Saturday, October 14, 2006

My Favorite Blogger Errors

Collect 'em all!

1) Your request could not be processed. Please try again.

2) Files published…0%...Files published…0%...Files published…0%...Files published…0%

3) There were errors. (Hide details ...)

001 EOF while reading from control connection

4) The connection was reset

The connection to the server was reset while the page was loading.

* The site could be temporarily unavailable or too busy. Try again in a few moments.

* If you are unable to load any pages, check your computer's network connection.

* If your computer or network is protected by a firewall or proxy, make sure that Firefox is permitted to access the Web.

5) Blogger Problem

This server is currently experiencing a problem. An engineer has been notified and will investigate.

Status code: 1-500-36

6) Try publishing your post 5 times and get nowhere 5 times according to the fun 0% dealie. Then check your blog and discover 5 identical posts. Attempt to delete 4 of them. Get one of the other errors. Repeat.

Now, I know it would be too much to expect a small-time mom-and-pop operation like Google to get its act together and run a blogging service with the uptime of your average Geocities page, but I haven't given up hope. After all, I'm still using them, aren't I? (Quietly calculating how long it would take to switch all my posts over to...any suggestions?)

But maybe the creative hackery and network outages of the past month or so have finally gotten their attention. Why, just listen to their PR person: "We know how important Blogger is to our users, so we take issues like this very seriously."

While Google is busy taking this all very seriously, feel free to post any errors I've missed in the comments below. If that particular function is working today.

Friday, October 06, 2006

2006 Ig Nobel Prizes Announced

The Annals of Improbable Research has announced the winners of the 2006 Ig Nobel Prizes, the slightly less prestigious counterpart of the Nobel Prizes awarded this month. Scientific breakthroughs honored this year included:

  • An explanation for why woodpeckers don't get headaches

  • The invention of a teenager repellant, which emits an annoying noise audible to teenagers but not most adults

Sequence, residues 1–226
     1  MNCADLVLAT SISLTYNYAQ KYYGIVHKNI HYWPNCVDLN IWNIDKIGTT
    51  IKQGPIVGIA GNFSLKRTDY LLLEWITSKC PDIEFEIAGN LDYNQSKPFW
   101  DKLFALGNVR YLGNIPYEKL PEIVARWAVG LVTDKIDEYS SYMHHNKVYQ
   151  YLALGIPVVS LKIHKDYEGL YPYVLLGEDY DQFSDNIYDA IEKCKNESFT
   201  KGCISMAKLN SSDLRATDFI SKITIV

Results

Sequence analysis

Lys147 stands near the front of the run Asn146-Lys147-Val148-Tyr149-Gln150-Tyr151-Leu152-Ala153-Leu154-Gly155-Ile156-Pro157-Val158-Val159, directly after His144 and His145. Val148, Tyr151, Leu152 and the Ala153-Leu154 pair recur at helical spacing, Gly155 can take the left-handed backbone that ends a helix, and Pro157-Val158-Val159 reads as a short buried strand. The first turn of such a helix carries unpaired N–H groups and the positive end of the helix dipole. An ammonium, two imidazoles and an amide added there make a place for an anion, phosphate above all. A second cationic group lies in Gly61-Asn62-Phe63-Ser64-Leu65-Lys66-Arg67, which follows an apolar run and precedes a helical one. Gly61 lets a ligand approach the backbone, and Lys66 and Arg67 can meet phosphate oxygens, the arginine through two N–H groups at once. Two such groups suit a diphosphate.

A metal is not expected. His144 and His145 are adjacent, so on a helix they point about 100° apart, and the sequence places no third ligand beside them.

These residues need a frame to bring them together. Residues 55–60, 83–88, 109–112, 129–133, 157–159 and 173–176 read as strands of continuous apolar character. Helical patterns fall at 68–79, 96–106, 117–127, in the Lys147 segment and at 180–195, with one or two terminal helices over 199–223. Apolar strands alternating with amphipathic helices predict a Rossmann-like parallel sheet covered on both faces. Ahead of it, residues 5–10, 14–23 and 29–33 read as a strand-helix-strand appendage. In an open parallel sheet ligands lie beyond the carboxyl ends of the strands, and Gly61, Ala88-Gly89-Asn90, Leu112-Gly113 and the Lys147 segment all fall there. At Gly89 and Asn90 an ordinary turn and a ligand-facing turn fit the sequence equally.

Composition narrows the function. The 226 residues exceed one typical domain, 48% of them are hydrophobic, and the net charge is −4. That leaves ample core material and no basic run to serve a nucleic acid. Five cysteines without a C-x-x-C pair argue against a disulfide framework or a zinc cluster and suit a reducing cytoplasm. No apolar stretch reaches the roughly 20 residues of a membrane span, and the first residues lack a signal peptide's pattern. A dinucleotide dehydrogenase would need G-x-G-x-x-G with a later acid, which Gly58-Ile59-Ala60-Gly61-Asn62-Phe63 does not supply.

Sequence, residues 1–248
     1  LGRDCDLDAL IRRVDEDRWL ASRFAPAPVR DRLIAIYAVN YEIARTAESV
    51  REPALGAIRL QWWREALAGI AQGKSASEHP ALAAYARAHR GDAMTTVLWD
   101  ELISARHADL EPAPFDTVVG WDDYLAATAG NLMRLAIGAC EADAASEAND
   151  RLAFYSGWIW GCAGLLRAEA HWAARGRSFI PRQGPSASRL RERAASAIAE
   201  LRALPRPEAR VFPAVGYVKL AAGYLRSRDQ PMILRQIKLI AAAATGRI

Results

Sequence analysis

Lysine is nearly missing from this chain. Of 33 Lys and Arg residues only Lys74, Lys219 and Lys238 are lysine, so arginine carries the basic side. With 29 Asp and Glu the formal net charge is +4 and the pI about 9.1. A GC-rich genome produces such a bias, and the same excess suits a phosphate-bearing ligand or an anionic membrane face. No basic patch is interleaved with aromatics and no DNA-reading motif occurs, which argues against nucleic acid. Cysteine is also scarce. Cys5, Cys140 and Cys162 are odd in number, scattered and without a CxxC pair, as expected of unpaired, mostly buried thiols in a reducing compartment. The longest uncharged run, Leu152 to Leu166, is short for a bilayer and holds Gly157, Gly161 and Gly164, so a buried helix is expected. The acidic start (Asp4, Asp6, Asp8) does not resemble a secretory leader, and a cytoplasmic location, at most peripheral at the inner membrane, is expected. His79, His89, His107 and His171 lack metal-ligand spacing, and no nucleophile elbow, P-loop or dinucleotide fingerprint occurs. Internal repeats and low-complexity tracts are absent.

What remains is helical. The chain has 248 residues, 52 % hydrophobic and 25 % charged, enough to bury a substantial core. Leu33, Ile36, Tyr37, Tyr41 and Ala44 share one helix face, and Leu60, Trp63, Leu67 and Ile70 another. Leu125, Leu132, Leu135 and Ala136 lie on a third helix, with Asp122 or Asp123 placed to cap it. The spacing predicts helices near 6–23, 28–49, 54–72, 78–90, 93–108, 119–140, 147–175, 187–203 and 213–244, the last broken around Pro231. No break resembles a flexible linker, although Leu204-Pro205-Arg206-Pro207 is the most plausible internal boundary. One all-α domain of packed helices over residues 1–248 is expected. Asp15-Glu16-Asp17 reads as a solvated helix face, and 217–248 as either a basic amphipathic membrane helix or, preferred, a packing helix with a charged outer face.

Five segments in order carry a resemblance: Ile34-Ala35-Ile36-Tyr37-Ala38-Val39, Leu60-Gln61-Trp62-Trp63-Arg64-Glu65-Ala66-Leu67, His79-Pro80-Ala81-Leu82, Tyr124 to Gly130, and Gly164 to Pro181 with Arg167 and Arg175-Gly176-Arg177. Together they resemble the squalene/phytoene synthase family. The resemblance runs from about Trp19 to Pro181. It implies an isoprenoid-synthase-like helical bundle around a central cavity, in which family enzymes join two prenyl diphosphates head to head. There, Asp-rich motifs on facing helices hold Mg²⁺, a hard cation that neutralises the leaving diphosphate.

• Why the sound of fingernails on a blackboard is so bloody awful

  • A paper entitled "Termination of Intractable Hiccups with Digital Rectal Massage." Which pretty much speaks for itself, I think.

    Read all about these and the other Ig Nobel Prizes in the Annals of Improbable Research.

  • Tuesday, September 26, 2006

    Dead llama dumped on the street in Oakland. Yeah, it's a rough town

    The SF Chronicle has just reported that a dead llama was found dumped in the middle of the street on 89th Ave in Oakland's scenic eastern precincts. For some reason its legs were tied, though the authorities claim there's no sign of foul play and the unfortunate beast appears to have died of old age. So obviously the Chronicle's in on the cover-up. My personal theory is that a rogue gang of ruthless alpacas is expanding into East Oakland, which has historically been llama turf. Read all about it.

    Monday, July 10, 2006

    New rules for soccer - a modest proposal

    Having just finished watching the World Cup with a mixture of boredom, disillusionment, and the occasional short-lived burst of excitement, I'd like to make a modest proposal that I feel will dramatically improve this beloved game we know as soccer, or football, or futbol, or footie, or kick-ye-the-ball, etc.

    As I see it, far too much time is wasted by players running incessantly around the field, attempting to dribble the ball around other players only to be tripped up and stomped upon, passing to their teammates only to be intercepted, and attempting time after time to score goals only to be blocked by the opposing defenders and their goalie. Countless hours are consumed by such pointless activities, and all too often, players are seriously injured by collisions with each other, with the ball, with the field, with the goal, and various combinations thereof. What a shameful waste of time and talent!